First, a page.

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Let $\mathbb{H}=\lbrace z\in \mathbb{C}: \text{Im}z>0 \rbrace$. If $f:\mathbb{H}\to \mathbb{H}$ is analytic, then $$\Bigg\vert \frac{f(z)-f(i)}{f(z)-\overline{f(i)}}\Bigg\vert\le \Bigg\vert \frac{z-i}{z+i}\Bigg\vert,\forall z\in \mathbb{H} \tag{$*$} $$

Schwarz's Lemma and Schwarz-Pick Lemma cannot be applied at the moment since $f$ is a map on $\mathbb{H}$, not on the unit disc $B(0,1)$. However, the map $f\circ c^{-1}(z)$ is defined on the unit disc, where $c:\mathbb{H}\to B(0,1)$ is the Cayley transformation. It can be shown that $f\circ c^{-1}(z)=f\bigg(i\frac{1+z}{1-z} \bigg)$. I can obtain $f(i)$ by setting $z=0$, I obtain $f(z)$ by setting $z=\big(-1/2 + i/2\big)(\sqrt 3 - 1)\in \mathbb{H}$.

Since $f\circ c^{-1}(0)=f(i)$ and $f\circ c^{-1}\Big(\big(-1/2 + i/2\big)(\sqrt 3 - 1)\Big)=f(z)$, by Schwarz-Pick we have $$\Bigg \vert \frac{f(z)-f(i)}{1-\overline{f(i)}f(z)}\Bigg \vert\le \Bigg \vert \frac{c^{-1}(0)-c^{-1}\Big(\big(-1/2 + i/2\big)(\sqrt 3 - 1)\Big)}{1-\overline{c^{-1}\Big(\big(-1/2 + i/2\big)(\sqrt 3 - 1)\Big)}c^{-1}(0)}\Bigg\vert$$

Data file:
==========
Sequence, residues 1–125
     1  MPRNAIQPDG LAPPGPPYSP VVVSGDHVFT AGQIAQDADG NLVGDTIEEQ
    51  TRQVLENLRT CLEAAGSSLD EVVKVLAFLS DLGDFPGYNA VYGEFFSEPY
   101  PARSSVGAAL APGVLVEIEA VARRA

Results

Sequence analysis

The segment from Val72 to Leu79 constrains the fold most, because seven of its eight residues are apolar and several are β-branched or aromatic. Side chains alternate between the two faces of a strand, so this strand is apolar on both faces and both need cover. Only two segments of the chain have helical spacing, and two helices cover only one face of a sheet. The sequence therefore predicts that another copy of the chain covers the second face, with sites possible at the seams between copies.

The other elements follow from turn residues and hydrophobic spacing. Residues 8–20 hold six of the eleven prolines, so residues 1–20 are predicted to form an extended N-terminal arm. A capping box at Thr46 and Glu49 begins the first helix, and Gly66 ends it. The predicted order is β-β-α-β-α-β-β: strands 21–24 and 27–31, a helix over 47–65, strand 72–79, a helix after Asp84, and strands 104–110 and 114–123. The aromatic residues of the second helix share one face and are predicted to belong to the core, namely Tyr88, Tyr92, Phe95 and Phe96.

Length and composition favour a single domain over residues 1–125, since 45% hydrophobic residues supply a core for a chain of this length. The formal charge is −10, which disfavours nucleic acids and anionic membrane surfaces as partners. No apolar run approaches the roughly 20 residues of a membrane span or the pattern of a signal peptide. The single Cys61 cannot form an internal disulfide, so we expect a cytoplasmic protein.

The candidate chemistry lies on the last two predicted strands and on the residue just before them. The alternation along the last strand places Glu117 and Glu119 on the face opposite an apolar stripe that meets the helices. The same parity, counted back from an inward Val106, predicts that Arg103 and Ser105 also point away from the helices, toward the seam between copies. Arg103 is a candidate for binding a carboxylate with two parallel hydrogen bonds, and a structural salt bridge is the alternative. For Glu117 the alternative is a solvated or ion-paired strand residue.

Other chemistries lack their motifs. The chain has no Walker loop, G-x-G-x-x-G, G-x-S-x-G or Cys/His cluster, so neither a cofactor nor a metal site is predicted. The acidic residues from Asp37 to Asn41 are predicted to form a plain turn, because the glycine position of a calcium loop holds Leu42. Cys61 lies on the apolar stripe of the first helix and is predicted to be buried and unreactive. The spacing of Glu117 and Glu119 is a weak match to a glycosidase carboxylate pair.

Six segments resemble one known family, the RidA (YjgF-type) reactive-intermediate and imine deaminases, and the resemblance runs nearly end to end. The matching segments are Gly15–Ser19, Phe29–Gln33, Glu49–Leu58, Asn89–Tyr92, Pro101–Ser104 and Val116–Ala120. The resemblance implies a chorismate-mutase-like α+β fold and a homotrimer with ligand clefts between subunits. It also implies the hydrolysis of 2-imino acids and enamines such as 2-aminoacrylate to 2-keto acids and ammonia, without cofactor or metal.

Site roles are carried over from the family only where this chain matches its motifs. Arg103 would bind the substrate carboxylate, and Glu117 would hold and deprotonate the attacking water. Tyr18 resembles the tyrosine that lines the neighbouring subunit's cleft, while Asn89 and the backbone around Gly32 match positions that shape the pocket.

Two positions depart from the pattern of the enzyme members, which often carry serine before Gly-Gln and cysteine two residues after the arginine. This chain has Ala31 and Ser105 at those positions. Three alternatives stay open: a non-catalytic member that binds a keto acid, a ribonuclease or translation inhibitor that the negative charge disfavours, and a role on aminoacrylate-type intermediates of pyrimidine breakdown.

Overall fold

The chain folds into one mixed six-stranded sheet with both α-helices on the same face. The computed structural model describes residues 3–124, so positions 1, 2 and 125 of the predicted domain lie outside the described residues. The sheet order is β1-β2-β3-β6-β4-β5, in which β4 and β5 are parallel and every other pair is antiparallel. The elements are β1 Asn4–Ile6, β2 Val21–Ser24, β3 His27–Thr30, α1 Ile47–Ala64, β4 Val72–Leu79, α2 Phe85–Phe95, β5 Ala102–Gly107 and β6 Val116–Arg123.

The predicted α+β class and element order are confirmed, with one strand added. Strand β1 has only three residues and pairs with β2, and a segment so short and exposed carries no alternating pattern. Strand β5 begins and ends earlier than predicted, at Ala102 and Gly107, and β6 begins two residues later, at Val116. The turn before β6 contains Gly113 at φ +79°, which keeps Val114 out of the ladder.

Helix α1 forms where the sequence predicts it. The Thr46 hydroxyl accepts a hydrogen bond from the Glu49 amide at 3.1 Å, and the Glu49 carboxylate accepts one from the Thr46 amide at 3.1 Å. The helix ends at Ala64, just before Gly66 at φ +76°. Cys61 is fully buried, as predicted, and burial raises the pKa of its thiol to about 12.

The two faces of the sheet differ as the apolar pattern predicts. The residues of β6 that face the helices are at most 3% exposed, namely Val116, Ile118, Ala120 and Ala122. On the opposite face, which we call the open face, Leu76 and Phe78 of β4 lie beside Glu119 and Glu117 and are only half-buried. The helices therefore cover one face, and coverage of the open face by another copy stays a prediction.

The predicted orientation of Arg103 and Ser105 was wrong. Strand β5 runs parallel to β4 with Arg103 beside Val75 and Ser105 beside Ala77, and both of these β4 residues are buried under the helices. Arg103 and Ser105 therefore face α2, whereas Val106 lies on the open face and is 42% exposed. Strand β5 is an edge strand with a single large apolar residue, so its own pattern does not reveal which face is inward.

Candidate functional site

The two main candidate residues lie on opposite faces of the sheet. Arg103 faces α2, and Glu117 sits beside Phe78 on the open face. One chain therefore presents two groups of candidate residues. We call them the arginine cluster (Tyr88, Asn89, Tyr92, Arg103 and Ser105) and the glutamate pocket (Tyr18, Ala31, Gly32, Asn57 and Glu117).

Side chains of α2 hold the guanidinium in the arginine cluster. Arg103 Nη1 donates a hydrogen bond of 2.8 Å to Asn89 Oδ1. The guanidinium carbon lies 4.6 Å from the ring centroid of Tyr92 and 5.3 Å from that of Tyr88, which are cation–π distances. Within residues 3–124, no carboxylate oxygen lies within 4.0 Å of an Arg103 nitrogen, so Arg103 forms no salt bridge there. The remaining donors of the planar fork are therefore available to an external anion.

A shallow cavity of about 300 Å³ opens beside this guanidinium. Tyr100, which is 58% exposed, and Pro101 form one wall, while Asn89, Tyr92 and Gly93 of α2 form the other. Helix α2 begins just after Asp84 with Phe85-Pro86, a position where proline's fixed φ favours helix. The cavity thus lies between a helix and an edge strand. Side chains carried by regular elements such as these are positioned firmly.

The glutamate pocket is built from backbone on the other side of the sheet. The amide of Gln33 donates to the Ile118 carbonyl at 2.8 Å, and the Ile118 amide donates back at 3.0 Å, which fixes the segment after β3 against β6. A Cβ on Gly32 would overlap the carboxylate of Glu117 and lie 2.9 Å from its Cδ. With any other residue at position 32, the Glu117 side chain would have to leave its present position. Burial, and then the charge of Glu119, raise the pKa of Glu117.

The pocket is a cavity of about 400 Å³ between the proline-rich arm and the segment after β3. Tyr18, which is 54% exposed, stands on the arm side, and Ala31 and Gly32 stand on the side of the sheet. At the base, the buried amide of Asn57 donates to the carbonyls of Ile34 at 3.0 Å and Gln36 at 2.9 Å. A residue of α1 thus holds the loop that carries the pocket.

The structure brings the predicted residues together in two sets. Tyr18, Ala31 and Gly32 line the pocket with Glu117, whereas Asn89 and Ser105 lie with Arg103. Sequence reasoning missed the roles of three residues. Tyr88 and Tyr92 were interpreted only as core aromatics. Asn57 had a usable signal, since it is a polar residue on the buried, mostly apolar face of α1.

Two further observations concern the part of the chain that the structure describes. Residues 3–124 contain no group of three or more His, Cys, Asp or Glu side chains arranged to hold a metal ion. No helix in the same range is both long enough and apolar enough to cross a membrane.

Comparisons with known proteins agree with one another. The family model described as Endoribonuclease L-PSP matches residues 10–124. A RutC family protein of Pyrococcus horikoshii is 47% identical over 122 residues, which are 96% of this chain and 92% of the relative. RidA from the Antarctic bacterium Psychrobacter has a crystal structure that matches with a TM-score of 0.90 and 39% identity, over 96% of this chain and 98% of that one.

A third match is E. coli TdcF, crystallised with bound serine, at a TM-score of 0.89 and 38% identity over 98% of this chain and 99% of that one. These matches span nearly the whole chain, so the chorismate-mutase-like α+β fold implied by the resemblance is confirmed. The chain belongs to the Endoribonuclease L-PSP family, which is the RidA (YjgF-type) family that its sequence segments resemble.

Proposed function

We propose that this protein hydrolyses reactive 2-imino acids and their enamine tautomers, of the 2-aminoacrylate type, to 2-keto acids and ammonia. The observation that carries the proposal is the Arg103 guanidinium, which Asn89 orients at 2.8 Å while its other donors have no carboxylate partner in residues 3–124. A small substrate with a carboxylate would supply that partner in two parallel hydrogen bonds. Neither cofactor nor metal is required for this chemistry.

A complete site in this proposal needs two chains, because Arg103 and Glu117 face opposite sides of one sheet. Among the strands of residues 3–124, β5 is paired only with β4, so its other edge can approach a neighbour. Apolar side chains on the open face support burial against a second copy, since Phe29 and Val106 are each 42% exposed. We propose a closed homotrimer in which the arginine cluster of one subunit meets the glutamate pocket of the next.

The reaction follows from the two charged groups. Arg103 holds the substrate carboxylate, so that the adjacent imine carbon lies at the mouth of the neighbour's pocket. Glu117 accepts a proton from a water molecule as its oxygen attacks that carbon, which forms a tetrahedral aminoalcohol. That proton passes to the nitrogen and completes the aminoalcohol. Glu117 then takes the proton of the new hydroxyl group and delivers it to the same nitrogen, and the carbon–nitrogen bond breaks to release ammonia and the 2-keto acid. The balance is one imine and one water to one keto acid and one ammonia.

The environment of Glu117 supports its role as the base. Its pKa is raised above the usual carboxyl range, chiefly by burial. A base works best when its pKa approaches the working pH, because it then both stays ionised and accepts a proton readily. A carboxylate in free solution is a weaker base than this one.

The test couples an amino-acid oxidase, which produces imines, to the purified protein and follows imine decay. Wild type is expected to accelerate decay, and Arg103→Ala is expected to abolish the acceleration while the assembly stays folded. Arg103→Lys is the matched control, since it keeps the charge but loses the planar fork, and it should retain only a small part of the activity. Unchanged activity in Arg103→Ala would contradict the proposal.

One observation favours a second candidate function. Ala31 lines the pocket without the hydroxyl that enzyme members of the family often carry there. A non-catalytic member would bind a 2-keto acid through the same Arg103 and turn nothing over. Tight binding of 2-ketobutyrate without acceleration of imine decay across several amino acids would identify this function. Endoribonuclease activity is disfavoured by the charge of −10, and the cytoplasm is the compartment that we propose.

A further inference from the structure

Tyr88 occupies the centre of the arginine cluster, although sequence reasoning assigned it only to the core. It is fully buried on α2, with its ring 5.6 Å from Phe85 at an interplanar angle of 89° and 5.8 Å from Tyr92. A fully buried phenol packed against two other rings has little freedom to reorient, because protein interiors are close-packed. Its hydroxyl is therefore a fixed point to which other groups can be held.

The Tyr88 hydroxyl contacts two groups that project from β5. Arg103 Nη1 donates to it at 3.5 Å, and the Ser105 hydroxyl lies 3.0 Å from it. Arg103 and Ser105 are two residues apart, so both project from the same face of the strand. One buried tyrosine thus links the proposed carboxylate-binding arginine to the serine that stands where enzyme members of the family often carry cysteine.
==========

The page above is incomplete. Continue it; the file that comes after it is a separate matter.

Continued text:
but I'm not sure if this is the right way to go since I don't see how to get from the left-hand side of the latest expression to the left-hand side of $(*)$. May I have some insight here?

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You have to use two different transformations between the half plane and the disk:

  • $c(z) = \frac {z-i}{z+i}$ maps $\mathbb H$ onto $B(0, 1)$ with $c(i) = 0$, and
  • $d(z) = \frac {z-f(i)}{z-\overline{f(i)}}$ maps $\mathbb H$ onto $B(0, 1)$ with $d(f(i)) = 0$.

Then $$ g = d \circ f \circ c^{-1} : B(0, 1) \to B(0, 1) $$ satisfies the conditions of Schwarz's Lemma, so that $$ |d(f(c^{-1}(w)| \le |w| \text{ for all } w \in B(0, 1) \, $$ and therefore $$ |d(f(z))| \le |c(z)| \text{ for all } z \in \mathbb H $$ which is what you wanted to prove.

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  • $\begingroup$ Hi Martin, great answer! I'm asking a similar question - could you please take a look? Thanks! math.stackexchange.com/questions/1245940/… $\endgroup$ Commented Apr 22, 2015 at 12:46
  • $\begingroup$ @EthanAlvaree: That's almost the same question, only slightly more general with $w$ instead of $i$. And you got already an answer. $\endgroup$
    – Martin R
    Commented Apr 22, 2015 at 12:50

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